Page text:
in most of the ham mags.

73, J.P. AA2DU

Bill, KM9P wrote:

I just wrapped several wraps of braid around it and it acted like a
dampening to the force of the clamp.


Pete, N4ZR wrote:

Mike, I use a bronze clamp of the sort made for clamping electrical ground
wires to house plumbing.  They come in various sizes and seem to squeeze
pretty symmetrically.  The teeth cut into the aluminum jacket of my hardline
(granted 3/4", not 1/2") nicely with very little pressure and no evident

73, Pete Smith N4ZR
... and not changing!

Chuck, KE5FI wrote:

I would be interested in the answers you get.  I will be using this type=20
cable soon.

My soloution would be to cut away 1" of rubber and solder to the=20
aluminum.  Then cover the whole thing with a sealant.


Bill, AA4NU wrote:

Mike .... I.C.E. offers "grounding blocks" like you need, Also
          Polyphaser offers straps to do the same ...

          Hope this gets your pointed in the right direction !
          73 Bill AA4NU

Jim, KC8MK wrote:

Go to the hardware and get a stainless steel hose clamp.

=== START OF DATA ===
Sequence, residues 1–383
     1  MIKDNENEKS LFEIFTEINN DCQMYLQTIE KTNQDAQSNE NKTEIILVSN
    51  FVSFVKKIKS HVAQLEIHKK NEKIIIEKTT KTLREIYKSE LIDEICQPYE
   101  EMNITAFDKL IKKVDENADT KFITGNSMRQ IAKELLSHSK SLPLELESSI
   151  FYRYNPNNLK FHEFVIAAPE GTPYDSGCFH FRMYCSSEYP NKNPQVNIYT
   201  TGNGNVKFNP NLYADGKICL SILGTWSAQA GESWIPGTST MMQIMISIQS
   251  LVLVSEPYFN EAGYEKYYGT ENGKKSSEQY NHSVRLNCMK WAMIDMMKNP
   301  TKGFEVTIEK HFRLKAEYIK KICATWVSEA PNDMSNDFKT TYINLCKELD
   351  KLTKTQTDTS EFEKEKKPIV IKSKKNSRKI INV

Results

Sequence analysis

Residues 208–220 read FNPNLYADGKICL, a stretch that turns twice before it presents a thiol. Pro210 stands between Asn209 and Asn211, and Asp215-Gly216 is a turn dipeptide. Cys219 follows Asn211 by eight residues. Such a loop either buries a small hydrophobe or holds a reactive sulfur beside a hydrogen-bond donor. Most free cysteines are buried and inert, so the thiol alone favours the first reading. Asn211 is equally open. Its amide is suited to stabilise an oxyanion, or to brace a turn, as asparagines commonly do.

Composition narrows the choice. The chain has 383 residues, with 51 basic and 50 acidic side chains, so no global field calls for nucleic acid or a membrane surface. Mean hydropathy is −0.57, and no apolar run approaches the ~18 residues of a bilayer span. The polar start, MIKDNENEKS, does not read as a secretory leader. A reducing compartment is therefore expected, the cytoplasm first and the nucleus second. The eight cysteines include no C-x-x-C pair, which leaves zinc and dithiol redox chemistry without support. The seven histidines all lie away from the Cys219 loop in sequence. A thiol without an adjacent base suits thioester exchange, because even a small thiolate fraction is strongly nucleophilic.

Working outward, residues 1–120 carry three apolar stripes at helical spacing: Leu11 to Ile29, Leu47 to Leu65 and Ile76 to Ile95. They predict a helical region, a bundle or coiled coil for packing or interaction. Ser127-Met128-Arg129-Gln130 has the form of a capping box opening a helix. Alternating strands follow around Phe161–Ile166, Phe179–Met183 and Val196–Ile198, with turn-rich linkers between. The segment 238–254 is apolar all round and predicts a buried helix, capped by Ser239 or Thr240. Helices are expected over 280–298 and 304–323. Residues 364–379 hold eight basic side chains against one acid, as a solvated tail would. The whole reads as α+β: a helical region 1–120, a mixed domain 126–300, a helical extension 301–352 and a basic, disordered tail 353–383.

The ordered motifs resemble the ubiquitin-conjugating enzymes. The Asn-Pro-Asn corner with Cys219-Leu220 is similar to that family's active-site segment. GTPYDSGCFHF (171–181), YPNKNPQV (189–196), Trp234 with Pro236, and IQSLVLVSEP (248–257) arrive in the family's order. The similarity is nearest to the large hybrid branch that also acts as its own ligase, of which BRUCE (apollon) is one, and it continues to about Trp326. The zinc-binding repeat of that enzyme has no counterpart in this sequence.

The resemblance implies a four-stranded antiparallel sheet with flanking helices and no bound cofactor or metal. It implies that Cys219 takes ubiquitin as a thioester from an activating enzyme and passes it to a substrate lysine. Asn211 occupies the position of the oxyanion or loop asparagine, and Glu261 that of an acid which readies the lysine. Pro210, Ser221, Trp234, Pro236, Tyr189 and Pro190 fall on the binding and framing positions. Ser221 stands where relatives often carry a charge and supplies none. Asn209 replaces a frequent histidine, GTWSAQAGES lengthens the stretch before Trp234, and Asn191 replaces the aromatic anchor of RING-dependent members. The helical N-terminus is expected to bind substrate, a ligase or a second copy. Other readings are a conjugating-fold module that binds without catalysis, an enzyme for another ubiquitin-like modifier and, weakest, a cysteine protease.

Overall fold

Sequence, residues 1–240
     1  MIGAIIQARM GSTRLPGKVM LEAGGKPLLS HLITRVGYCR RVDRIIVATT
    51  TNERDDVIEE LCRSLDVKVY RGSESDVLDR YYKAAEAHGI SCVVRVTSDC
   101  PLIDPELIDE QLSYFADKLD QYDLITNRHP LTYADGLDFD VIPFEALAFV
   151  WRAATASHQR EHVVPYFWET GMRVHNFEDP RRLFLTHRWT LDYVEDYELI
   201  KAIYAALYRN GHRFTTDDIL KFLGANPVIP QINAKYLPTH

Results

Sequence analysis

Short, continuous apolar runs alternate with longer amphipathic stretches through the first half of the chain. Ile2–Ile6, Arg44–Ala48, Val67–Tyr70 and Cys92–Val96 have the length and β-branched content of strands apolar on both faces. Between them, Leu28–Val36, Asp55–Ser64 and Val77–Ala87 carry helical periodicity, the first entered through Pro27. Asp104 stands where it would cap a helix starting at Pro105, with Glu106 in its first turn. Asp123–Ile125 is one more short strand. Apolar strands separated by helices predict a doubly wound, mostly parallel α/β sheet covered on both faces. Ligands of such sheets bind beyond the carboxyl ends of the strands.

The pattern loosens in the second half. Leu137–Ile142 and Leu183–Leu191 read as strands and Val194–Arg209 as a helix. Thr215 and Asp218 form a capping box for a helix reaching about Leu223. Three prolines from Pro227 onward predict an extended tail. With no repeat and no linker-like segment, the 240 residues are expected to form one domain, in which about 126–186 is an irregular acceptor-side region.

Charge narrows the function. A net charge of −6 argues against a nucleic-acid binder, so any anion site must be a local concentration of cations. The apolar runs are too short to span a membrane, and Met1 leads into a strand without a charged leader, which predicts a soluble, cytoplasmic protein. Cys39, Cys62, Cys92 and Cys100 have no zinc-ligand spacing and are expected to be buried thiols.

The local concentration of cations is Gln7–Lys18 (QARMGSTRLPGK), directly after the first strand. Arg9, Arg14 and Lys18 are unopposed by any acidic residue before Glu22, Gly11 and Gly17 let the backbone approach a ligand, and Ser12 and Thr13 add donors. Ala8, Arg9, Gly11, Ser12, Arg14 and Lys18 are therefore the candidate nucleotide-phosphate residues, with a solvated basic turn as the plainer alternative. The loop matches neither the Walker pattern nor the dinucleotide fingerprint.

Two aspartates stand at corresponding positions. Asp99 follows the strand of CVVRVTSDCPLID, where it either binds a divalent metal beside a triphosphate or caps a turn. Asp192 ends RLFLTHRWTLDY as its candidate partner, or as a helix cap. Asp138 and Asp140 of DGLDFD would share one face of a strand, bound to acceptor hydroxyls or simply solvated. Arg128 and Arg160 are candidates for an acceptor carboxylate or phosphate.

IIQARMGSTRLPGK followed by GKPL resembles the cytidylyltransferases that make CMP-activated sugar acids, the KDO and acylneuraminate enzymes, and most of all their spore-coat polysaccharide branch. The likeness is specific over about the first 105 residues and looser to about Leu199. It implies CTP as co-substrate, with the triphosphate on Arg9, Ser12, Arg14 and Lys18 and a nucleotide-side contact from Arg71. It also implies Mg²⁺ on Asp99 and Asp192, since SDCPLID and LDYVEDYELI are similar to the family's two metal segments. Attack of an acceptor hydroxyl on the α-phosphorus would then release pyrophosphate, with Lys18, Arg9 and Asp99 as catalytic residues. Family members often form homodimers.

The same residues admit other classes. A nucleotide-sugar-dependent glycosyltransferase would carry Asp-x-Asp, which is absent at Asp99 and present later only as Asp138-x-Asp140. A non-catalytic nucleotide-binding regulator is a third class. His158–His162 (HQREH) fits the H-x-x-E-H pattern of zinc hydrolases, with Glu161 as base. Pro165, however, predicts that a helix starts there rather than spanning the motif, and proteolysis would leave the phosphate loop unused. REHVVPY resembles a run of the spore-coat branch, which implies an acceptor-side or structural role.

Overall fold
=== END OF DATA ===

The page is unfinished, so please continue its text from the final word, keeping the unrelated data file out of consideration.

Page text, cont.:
Use some penetrox and whatever wire you are going to use to
ground it with.
Tape the whole mess up when you are done.
Scotch 130C and 88 will do the job.

73, Jim

P.S. Look for you on 160 this winter.

Denny, K8DO wrote:

Get a block of aluminum about 2.25" square... have a local machine shop=
two holes through it.. one hole to be the right size to clamp to the leg of
the tower (or ground rod as the case may be) and the other to clamp to the
hard line (sans jacket).. then they can saw half blocks out of  this  to=
clamps, add 3/16" clamp bolt holes, and you are in business...
I get my aluminum from:
Dillsburg Aeroplane Works
Dillsburg, Pa

Cheers  ...  Denny

Roger, K2JAS wrote:

 like Denny's ( idea about machining a block of aluminum and
I'm sure that the people he recommended for the aluminum stock would have
this material:
              Dillsburg Aeroplane Works
              Dillsburg, Pa

I've seen their catalog and it is comprehensive regarding just about
anything you could ever want in aluminum tubing and supplies. However, be
prepared for a substantial bill.

Again, allow me to recommend that you (or for that matter anyone) check out
your nearest scrap metal recovery yard. It has become one of my most
favorite places to visit. Aluminum, steel, stainless, copper, tubing,
piping, wire and cables...
and believe it or not working electronic equipment too (sold by the weight)!
You name it, it's a "gold mine" not only for what's available but the prices
are ridiculously low.=20

Today I picked up about 40 feet of a oil and gasoline resistant jacketed
stranded copper cable. The diameter of the copper was easily 1/2 inch plus.
It weighed 12 pounds. I think I overpaid but it only cost $10 with some
other pieces of alunimum. It will make a magnificent grounding cable to run